Hevva’s distinctive costume is based on the traditional working clothes worn by people in the Penzance and Newlyn area of west Cornwall in the late 19th century.

The evidence for this costume comes from contemporary paintings from the Newlyn School art colony, where painters such as Stanhope Forbes and Walter Langley painted the ordinary, working folk around them.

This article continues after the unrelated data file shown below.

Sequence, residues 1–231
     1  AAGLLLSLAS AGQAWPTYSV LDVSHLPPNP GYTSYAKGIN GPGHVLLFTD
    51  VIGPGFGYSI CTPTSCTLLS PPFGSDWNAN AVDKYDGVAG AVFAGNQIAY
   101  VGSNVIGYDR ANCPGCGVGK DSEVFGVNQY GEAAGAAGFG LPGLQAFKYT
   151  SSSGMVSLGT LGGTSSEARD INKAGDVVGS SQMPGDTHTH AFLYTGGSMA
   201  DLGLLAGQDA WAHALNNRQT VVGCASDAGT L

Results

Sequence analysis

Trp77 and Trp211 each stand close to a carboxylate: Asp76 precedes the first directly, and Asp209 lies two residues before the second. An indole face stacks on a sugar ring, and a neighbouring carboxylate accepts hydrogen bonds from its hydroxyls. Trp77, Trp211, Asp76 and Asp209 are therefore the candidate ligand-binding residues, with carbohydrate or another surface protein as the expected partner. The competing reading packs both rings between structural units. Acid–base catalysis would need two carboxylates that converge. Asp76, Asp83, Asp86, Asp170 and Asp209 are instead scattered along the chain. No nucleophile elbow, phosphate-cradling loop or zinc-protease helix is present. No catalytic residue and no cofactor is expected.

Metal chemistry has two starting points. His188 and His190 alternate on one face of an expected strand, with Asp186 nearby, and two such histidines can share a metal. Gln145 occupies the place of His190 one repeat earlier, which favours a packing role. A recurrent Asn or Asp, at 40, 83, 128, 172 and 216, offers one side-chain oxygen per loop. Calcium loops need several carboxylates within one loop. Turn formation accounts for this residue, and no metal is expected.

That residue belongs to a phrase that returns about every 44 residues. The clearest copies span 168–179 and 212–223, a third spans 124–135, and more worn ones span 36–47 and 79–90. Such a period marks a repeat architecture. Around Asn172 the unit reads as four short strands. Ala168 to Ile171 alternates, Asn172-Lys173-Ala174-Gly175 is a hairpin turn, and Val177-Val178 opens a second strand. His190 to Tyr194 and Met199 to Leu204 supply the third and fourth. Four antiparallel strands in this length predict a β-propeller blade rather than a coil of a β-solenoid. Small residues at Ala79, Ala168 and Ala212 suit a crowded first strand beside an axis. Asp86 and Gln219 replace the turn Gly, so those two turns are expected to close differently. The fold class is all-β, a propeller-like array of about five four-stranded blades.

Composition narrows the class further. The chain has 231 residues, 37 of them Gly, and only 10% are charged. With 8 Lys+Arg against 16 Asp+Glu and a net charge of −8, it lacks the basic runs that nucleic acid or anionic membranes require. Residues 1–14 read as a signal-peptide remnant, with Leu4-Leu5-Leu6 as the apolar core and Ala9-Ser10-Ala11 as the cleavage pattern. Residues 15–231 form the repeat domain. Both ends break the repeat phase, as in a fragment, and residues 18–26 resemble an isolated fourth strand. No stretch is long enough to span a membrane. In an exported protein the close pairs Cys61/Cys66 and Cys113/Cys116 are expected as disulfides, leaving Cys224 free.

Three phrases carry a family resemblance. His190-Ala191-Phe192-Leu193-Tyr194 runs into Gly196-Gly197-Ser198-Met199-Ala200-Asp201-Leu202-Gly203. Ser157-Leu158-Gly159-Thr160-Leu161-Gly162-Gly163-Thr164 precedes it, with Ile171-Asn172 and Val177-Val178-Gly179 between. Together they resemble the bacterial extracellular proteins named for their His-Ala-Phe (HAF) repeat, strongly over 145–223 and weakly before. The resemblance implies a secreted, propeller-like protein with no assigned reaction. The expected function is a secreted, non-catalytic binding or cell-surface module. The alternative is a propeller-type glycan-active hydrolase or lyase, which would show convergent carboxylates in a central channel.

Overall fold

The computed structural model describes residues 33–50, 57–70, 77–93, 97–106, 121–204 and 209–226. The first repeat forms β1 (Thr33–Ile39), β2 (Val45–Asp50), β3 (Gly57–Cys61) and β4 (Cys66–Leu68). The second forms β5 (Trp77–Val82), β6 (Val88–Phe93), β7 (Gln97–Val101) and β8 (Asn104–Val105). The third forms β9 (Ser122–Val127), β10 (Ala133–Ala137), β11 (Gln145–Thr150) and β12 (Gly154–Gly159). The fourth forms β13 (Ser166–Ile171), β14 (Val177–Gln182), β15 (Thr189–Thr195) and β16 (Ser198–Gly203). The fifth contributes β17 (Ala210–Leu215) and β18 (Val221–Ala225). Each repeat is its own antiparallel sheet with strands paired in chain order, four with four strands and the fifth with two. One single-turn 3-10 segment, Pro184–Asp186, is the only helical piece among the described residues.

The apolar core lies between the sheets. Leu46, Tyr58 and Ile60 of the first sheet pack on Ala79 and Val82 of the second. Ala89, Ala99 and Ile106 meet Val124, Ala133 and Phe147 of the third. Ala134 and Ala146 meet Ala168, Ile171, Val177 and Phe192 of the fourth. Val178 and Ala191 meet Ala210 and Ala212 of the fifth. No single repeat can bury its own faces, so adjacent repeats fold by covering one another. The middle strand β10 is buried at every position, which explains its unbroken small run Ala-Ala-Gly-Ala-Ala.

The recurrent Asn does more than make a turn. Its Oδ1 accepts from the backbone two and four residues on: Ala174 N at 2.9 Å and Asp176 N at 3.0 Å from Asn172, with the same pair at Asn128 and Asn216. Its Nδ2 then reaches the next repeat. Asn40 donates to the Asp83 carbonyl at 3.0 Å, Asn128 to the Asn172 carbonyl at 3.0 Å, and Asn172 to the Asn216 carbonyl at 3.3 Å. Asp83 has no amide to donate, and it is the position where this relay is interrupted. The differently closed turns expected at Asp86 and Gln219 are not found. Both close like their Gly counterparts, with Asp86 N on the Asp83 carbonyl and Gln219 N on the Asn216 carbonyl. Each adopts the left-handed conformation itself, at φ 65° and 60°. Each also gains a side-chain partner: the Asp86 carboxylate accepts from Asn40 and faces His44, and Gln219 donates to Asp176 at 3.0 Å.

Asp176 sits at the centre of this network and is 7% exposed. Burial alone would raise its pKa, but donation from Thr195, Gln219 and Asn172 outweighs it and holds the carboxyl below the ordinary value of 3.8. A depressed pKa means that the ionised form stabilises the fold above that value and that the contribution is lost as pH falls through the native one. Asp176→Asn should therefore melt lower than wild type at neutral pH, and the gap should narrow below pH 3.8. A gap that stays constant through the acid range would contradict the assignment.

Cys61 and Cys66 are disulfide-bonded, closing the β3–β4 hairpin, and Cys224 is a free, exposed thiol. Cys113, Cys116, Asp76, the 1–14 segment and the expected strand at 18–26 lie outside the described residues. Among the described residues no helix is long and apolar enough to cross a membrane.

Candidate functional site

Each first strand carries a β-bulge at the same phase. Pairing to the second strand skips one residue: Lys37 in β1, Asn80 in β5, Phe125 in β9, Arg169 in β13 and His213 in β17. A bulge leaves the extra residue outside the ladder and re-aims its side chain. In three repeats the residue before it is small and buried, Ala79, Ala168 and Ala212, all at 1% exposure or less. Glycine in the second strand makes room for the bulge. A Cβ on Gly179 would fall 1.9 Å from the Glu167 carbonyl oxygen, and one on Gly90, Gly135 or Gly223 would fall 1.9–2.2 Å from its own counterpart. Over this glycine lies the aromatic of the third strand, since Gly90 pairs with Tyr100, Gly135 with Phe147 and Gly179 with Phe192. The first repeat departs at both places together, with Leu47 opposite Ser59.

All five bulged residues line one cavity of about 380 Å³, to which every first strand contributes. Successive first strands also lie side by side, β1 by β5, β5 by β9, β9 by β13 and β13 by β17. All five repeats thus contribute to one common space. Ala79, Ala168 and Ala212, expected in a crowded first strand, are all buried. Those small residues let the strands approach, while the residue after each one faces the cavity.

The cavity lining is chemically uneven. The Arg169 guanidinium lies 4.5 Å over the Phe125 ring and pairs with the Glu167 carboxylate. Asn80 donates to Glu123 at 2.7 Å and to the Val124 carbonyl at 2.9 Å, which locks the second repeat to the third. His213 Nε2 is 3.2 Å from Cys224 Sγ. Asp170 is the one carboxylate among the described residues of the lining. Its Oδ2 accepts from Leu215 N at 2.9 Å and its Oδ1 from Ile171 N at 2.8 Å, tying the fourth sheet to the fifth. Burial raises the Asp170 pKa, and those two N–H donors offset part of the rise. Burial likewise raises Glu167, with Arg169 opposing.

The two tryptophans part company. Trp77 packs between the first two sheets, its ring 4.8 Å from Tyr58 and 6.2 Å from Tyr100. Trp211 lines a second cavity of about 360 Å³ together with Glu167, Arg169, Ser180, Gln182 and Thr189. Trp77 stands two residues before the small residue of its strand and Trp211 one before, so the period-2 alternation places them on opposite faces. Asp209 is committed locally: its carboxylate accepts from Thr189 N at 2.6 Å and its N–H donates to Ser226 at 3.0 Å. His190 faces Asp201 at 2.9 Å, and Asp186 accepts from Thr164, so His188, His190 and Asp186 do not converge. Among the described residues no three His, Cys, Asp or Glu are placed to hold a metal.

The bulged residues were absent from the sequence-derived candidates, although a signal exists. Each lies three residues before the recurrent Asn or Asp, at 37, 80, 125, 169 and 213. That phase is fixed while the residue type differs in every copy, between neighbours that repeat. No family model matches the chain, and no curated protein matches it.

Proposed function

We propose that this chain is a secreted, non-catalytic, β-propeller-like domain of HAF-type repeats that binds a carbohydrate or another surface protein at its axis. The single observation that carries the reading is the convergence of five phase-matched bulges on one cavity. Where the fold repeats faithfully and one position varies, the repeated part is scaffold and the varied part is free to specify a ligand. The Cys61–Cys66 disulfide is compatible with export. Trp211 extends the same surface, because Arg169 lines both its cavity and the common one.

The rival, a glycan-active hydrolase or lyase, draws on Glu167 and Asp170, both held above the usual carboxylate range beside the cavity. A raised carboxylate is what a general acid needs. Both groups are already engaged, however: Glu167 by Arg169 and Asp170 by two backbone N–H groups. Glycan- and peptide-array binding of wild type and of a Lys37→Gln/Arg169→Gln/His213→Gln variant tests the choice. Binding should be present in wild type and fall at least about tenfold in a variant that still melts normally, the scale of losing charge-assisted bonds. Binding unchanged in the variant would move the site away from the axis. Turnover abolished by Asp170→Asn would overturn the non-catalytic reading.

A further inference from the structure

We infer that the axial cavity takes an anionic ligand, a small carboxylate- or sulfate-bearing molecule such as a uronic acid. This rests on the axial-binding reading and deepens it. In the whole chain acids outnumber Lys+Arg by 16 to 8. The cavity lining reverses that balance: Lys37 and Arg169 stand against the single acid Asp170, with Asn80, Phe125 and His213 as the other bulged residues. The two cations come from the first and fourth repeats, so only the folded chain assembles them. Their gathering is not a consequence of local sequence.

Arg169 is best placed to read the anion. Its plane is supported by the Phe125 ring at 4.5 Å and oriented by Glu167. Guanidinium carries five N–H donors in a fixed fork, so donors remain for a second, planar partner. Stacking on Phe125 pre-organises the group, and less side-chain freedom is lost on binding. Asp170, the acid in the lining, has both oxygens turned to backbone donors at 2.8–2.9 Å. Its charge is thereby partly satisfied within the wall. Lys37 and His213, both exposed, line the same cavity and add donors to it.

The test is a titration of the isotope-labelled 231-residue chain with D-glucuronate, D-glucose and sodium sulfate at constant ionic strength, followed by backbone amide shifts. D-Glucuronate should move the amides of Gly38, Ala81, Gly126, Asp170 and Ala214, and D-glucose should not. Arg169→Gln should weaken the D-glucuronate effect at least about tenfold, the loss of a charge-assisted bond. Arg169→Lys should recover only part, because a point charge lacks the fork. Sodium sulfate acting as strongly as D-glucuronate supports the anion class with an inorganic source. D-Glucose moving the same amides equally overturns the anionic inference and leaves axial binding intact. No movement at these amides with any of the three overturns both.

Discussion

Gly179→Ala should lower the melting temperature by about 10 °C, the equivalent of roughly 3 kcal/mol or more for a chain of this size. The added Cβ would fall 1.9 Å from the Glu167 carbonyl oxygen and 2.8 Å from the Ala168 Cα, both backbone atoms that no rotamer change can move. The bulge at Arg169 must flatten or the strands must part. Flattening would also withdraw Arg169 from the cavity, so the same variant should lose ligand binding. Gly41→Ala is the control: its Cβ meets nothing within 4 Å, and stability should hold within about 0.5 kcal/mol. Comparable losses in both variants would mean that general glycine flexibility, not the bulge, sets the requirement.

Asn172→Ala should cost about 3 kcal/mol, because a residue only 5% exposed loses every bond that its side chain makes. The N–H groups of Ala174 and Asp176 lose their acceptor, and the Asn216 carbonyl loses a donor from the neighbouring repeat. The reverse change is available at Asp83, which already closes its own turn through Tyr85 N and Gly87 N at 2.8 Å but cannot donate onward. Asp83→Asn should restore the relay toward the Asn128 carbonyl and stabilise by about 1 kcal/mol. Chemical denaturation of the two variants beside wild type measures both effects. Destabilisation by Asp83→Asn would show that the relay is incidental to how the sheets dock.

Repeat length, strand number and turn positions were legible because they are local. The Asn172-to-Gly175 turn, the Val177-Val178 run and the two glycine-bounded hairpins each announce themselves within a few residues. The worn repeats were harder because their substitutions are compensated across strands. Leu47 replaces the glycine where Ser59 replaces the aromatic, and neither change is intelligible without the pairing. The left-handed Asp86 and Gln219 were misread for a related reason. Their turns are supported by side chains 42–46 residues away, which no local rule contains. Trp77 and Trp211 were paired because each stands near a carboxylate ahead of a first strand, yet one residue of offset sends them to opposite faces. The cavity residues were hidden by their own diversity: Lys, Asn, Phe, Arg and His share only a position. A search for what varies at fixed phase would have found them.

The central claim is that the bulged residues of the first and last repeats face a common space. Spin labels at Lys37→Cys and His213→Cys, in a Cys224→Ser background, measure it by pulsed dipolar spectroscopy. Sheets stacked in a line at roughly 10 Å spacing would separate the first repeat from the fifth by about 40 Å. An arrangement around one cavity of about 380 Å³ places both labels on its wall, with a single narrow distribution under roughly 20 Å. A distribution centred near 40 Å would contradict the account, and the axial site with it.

One of the most striking features of the costume is the ladies’ headwear, known as gooks.  These have been extensively researched and authentically replicated by Josephine Stewart, who has incorporated over a dozen different designs, each from a particular Cornish town or village.  Gooks were worn to protect the women from sun, wind and dust while working on the shoreline, at the mine surface or in the fields.

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